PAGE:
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Tyne and Wear HER(13279): Horton Grange, turbary - Details

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Horton Grange, turbary

Horton Grange



Peat Workings

Peat Cutting



Documentary Evidence

In the middle of the 12th century, Roger Bertram, Baron of Mitford, granted the township of Horton Grange with a turbary (right of digging peat) to the monks of Newminster. To support the turbary, right of access was granted across Roger Bertram's land, and a cart track was created to allow the peat to be taken from the turbary. This was one of the earliest grants to the monks of Newminster. The price of the grant was 140 marks, a hunting horse or hound to the value of 20 shillings and an annual rent of £10, payable at Pentecost. A field known as Gresside, which was possibly located on the boundary of Horton Grange and Prestwick Carr, was granted to the monks of Newminster by William de St. Peter. There is no documentary evidence for the use of the turbary after the Barony of Mitford was broken up after 1262.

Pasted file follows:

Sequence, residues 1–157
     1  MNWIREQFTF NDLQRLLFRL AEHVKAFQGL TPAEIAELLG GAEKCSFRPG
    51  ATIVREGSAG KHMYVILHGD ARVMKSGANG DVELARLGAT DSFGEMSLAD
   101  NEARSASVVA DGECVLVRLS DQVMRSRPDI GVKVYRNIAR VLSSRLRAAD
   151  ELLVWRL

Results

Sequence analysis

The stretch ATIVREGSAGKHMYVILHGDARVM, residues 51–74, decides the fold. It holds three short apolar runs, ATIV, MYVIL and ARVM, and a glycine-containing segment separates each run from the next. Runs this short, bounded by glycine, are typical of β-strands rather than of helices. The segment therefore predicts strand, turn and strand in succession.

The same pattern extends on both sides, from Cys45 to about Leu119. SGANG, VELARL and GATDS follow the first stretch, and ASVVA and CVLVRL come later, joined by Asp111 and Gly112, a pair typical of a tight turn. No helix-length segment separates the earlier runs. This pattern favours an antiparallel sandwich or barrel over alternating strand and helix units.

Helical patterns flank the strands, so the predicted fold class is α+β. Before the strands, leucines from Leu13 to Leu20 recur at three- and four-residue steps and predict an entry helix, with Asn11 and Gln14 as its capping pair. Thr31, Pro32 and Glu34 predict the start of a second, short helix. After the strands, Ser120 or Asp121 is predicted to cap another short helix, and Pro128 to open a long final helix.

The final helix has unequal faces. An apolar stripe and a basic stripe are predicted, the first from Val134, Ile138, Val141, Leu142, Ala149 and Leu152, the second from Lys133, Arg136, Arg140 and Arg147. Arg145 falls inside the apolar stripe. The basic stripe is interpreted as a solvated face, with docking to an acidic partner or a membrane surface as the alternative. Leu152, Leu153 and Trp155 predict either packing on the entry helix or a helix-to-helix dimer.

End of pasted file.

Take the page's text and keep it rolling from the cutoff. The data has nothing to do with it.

Gary Brogan and Steve Speak, 2006, Fox Covert, Archaeology in Northumberland, Northumberland County Council/Northumberland National Park, Vol. 16, page 12; Warren Muncaster, Tyne and Wear Museums, September 2007, Archive Report, Fox Covert OCCS, Dinnington, Tyne and Wear - Archaeological Excavation

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